I followed him out to a paltry backyard strung with sagging clotheslines, where snow swirled around a dark heap on the frosted grass. The victim was young, black and on his back, eyes barely open as they stared blindly at the milky sky. His blue down vest bore tiny rips. One bullet had entered through his right cheek, and as I compressed his chest and blew air into his mouth, blood covered my hands and instantly turned cold on my face. I could not save him. Sirens wailed and whelped in the night like a posse of wild spirits protesting another death.

  I sat up, breathing hard. Marino helped me to my feet as shapes moved in the corner of my eye. I turned to see three officers leading Sheriff Santa away in handcuffs. His stocking cap had come off and I spotted it not far from me in the yard where shell casings gleamed in the beam of Marino's flashlight.

  'What in God's name?' I said, shocked.

  'Seems Old Saint Nick pissed off Old Saint Crack and they had a little tussle out here in the yard,' Marino said, very agitated and out of breath. 'That's why the parade got diverted to this particular crib. The only schedule it was on was the sheriff's.'

  I was numb. I tasted blood and thought of AIDS.

  The chief of police appeared and asked questions.

  Marino began to explain. 'It appears the sheriff thought he'd deliver more than Christmas in this neighborhood.'

  'Drugs?'

  'We're assuming.'

  'I wondered why we stopped here,' said the chief. 'This address isn't on the list.'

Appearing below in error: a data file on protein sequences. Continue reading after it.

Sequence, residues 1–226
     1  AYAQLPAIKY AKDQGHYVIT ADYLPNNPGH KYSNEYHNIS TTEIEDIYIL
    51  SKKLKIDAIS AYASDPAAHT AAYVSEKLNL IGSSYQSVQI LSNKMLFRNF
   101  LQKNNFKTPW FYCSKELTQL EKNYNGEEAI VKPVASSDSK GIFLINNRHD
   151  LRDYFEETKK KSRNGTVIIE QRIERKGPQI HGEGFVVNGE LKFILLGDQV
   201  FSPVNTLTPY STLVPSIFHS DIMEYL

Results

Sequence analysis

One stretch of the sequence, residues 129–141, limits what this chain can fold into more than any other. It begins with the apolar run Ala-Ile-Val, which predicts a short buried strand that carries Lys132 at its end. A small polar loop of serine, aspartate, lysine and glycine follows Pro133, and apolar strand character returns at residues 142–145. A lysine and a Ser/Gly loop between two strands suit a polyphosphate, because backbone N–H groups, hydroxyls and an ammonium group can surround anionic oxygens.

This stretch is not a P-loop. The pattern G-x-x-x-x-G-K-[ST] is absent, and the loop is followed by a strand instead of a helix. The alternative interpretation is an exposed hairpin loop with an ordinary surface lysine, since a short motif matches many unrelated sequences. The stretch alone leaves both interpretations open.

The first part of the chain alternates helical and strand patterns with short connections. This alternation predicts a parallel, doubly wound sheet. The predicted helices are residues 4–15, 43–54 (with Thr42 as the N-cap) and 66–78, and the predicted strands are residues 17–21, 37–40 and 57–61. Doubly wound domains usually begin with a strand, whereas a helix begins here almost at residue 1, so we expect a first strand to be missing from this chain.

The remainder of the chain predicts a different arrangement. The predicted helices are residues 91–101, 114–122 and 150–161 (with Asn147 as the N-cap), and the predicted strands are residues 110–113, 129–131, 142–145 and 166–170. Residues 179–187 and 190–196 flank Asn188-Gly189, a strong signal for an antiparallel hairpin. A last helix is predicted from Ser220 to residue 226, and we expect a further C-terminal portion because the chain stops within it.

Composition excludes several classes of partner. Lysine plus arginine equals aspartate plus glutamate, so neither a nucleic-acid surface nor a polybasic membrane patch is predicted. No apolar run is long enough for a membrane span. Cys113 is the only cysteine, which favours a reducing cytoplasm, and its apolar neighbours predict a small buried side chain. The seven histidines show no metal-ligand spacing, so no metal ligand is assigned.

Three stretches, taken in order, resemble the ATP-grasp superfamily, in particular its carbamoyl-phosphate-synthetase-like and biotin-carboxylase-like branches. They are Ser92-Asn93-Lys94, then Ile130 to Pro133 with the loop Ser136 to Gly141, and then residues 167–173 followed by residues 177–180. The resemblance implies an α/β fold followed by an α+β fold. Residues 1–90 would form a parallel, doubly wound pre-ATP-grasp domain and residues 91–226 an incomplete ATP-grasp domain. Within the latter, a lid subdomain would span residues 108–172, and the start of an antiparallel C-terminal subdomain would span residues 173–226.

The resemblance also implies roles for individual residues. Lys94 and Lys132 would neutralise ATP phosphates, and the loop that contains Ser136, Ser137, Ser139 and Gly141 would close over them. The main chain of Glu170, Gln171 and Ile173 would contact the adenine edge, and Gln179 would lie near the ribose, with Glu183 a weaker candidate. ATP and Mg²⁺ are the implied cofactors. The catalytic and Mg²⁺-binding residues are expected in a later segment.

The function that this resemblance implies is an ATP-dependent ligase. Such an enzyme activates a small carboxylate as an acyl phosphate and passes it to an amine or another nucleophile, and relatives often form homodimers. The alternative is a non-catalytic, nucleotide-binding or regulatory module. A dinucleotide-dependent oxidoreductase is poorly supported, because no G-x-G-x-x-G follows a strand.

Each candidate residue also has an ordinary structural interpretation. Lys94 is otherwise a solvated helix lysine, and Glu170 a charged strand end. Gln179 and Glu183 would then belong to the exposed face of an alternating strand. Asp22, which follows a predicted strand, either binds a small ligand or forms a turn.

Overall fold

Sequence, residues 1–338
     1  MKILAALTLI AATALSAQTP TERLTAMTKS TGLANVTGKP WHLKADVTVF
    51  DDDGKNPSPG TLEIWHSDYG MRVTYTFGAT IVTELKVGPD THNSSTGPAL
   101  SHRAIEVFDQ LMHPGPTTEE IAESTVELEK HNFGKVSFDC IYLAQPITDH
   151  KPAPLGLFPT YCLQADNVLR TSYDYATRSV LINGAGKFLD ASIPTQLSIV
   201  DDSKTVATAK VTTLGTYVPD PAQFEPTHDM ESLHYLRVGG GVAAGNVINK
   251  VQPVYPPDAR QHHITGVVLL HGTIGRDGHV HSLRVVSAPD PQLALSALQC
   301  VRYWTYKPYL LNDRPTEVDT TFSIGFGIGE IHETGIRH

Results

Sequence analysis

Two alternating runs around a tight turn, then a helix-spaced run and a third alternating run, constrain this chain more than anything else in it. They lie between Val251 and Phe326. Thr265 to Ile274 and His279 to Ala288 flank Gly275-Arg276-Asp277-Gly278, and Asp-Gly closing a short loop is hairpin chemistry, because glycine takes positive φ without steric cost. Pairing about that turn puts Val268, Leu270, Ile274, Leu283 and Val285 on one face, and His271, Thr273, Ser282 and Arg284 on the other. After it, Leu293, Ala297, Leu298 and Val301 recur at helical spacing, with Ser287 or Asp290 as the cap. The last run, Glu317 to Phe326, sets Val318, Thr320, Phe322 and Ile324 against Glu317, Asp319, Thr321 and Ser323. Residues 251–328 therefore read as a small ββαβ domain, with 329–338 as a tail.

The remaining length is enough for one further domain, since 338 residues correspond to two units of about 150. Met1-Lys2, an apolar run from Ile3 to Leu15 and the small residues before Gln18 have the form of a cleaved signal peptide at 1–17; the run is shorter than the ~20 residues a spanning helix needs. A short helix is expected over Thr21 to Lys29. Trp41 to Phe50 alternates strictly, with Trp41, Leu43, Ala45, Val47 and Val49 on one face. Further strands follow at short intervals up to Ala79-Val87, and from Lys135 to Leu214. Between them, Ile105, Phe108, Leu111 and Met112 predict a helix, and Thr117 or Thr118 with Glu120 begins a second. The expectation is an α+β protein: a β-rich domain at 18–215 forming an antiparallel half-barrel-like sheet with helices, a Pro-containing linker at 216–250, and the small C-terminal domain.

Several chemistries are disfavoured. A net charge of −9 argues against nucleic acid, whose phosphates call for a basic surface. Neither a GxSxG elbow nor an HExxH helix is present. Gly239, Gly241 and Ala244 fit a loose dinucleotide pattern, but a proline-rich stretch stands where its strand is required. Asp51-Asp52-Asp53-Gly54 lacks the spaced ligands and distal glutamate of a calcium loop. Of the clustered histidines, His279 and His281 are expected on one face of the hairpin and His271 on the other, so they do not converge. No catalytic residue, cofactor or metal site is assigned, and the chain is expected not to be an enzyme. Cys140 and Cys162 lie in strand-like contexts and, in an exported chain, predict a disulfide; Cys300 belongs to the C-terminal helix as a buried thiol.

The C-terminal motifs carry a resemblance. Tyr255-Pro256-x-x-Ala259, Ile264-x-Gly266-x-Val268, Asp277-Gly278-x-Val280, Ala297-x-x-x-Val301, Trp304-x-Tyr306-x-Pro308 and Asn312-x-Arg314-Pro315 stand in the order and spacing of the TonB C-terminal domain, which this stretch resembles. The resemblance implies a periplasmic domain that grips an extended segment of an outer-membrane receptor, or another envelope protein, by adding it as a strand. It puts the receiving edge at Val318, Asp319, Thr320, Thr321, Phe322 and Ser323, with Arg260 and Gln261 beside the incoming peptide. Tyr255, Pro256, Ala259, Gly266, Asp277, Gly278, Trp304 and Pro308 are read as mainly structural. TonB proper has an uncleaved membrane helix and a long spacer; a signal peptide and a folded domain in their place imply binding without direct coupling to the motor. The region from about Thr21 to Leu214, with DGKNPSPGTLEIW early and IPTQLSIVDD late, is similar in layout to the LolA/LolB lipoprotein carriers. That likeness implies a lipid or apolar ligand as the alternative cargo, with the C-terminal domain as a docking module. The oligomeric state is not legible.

'Well, that's why.' Marino stared blankly at the body.

  'Do we have an identity?'

  'Anthony Jones of the Jones Brothers fame. Seventeen years old, been in jail more'n the Doc there's been to the opera. His older brother got whacked last year by a Tec 9. That was in Fairfield Court, on Phaup Street. And last month we think Anthony murdered Trevi's mother, but you know how it goes around here. Nobody saw nothing. We had no case. Maybe now we can clear it.'

  'Trevi? You mean the little boy in there?' The chief's expression did not change.

  'Yo. Anthony's probably the kid's father. Or was.'

  'What about a weapon?'

  'In which case?'

  'In this case.'

  'Smith and Wesson thirty-eight, all five rounds fired. Jones hadn't dumped his brass yet and we found a speedloader in the grass.'

  'He fired five times and missed,' said the chief, resplendent in dress uniform, snow dusting the top of his cap.

  'Hard to say. Sheriff Brown's got on a vest.'

  'He's got on a bulletproof vest beneath his Santa suit.' The chief continued repeating the facts as if he notes.

  'Yo.' Marino bent close to a tilting clothesline pole, the beam of light licking over rusting metal. With a gloved thumb, he rubbed a dimple made by a bullet. 'Well, well,' he said, 'looks like we got one black and one Pole shot tonight.'